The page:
in Patagonia is the region's biggest eco-tourism activity, and growing
and I moved up another bend in the creek, the wind bored into my body
throuigh my pores. Rodrigo pointed out a little seam he thought I should
cast to. I laughed and bonked the back of my head with the lead -eye sculpin.
But as soon as i put the fly in the water, i hooked, struggled with, and
quickly landed a 21-inch brown.
to a Kiss-fish", i told Rodrigo.
we should quit," he said. "Go over to Argentina."
didn't quit, and arround the next bend the stream openes in a long, straight
run. Current bounced off a shelf and sliced out the left bank in a slight
divot. There was a stream about two feet wide sheltering a back eddy flush
against the bank.
in here" Rodrigo said.
loughed. He was serious.
i made the cast. The water's surface bulged as a trout rushed to my fly.
This was a very nice fish, and it raced all arround the narrow sluice
pf stream in front of me. It burst upstream and wrapped itself several
times arround the roots of an overhanding plant, then commenced to lead
into the air and splash back into the water. Again. and Again. Four times.
realized that on such a short leash -the fish wrapped leader, not line,
around the roots- all that leaping would mean a clean break pretty quickly,
and I had suddenly become emotionally attached to this rather hefty fish.
I tossed Rodrigo the rod and plunged into the creek, provoking more leaping
from the fish. I yanked my line free of the tangle and then wrangled the
trout. It was easily over 23 inches long. Rodrigo looked at me.
go to Argentina," I said.
we did. We drove 15 minutes up the gravel road past a highland swamp upon
which sailed black-necked swans and upland geese. Black-faced ibis stalked
the marshy shallows. The spring creek wound through these wetlands and
came out the other side, channelized again. We saw its elegant scribble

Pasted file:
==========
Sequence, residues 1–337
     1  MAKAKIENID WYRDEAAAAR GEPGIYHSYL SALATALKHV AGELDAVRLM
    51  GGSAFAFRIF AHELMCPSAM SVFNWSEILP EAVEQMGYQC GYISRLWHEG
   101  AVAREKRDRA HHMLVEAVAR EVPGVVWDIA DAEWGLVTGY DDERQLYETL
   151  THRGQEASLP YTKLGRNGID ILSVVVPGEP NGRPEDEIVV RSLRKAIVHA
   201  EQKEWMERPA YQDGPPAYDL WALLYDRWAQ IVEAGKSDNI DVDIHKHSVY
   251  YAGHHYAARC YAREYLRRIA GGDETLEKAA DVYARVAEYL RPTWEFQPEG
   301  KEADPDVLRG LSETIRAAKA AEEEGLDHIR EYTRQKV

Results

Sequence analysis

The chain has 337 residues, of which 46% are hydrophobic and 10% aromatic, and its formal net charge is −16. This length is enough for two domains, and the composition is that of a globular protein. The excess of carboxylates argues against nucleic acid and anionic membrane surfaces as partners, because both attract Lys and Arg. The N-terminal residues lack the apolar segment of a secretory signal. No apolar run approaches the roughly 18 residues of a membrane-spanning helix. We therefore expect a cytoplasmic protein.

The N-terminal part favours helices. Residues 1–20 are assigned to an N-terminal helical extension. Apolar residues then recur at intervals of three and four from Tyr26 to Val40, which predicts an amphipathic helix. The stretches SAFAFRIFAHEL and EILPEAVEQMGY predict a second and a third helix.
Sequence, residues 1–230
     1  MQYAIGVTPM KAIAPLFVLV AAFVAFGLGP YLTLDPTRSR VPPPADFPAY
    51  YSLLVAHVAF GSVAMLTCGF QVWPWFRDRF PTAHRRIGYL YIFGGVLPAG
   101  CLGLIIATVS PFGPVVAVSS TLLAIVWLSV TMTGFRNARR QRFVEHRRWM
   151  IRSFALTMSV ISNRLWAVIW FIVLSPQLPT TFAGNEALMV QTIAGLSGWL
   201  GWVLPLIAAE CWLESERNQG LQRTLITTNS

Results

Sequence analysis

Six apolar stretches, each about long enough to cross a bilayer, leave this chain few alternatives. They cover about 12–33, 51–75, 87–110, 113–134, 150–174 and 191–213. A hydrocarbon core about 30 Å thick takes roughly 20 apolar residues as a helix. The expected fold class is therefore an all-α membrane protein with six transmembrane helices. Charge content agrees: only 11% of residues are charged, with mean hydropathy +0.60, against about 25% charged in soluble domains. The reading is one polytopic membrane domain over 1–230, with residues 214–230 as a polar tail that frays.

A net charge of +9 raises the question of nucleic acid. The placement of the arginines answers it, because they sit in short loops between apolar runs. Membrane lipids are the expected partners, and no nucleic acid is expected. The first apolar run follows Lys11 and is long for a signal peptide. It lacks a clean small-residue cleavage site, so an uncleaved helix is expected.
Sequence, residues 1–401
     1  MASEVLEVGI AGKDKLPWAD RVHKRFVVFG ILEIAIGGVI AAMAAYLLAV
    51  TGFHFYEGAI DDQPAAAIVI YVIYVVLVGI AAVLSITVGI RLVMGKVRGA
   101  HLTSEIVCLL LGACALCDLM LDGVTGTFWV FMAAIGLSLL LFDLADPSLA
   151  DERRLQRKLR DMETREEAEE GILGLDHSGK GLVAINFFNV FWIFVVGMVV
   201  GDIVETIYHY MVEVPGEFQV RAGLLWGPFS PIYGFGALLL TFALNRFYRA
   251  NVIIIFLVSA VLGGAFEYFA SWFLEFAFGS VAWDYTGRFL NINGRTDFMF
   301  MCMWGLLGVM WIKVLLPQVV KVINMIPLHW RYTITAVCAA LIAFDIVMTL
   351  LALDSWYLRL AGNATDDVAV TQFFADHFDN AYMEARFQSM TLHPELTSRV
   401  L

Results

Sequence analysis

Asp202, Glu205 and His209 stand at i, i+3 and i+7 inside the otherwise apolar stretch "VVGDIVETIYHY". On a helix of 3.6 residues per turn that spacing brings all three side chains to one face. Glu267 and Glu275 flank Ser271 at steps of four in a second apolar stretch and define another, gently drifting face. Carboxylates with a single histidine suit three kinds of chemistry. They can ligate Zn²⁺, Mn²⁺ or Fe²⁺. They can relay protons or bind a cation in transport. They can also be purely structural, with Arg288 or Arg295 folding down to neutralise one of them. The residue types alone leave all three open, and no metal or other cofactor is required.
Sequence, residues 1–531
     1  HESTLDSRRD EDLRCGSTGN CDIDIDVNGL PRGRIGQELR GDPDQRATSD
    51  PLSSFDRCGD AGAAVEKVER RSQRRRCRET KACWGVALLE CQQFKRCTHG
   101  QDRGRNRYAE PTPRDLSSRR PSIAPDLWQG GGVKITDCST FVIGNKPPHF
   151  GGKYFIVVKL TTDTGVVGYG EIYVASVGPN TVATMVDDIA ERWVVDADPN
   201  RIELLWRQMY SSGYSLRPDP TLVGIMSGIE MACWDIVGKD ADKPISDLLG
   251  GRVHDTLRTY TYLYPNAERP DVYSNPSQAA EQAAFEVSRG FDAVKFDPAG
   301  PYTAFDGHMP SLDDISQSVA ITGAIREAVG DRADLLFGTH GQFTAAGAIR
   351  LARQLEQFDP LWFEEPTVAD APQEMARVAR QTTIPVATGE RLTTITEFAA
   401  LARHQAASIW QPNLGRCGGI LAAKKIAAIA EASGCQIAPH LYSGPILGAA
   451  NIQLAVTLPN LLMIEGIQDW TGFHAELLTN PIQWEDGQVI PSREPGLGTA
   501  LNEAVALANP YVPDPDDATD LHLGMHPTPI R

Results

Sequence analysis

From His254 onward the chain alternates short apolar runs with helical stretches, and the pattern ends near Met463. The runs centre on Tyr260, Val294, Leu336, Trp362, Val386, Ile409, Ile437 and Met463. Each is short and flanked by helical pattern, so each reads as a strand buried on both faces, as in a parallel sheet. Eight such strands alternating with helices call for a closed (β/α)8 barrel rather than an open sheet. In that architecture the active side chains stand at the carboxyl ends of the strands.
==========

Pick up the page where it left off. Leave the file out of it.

reaching far across the pampas.
are wanting to explore that," Rodrigo said, about some more never-been-fished
waters in the distance.
passed through Chile's and the Argentina's border crossings. Argentina
seemed even more windswept and desolate, but 10 minutes later, at a nondescript
wooden gate, we turned onto Estancia Numancia and drove a long dirt lane
through clots of sheep. A body of water opened to our right and we saw,
seemingly floating above the suface of the lake, the puffy pink bodies
and question-mark necks of flamingoes. Thousands of coots and ducks dotted
the water's surface. We approached a wooden bridge, transparent from missing
so many planks. Rodrigo afforded us the option of exiting the verhicle
before he drove over it.
bridge will hold us, I know," he said, "but if you don't want
held. We drove a bit farther and, though there was little evidence that
stream wound through the windswept grasslands ahead of us, we stopped
and walked overland about 30 yards. The stream opened its course beneath
us. About twice as wide as the Zorro spring creek, it worked through deeply
gouged cutbanks and beds of aquatic weed.
all the trout on the Zorro creek were browns, this argentine spring held
only chrome-flanked rainbows, which attacked my fly with fervent recklessness.
The rainbows dont's grow as large in this creek as the browns across the
border -both Burgin and Rodrigo told me they've found some fish well into
the twenties, but nothing gigantic. What they might have lacked in size,
however, the Argentine rainbows overcompensated for with ballistics. Few
casts failed to turn fish, and few fish failed to launch an air show once
they came tight on the line.
the short drive back across the border, I kept my eyes on the sky, looking
for Andean condors, wich congregate inthis area.
Rodrigo," I said, "about that kiss. Maybe we'll work on that
the next time I come to Chile."
look for me", he said.
settled, we drove along contentedly. Rodrigo spoke of his family and his
dreams. "What I want to do is get a pilot's license, fly helicopters,"
he said. "We have a bunch of lakes, they're full of big salmon and
trout and nobody can get to them."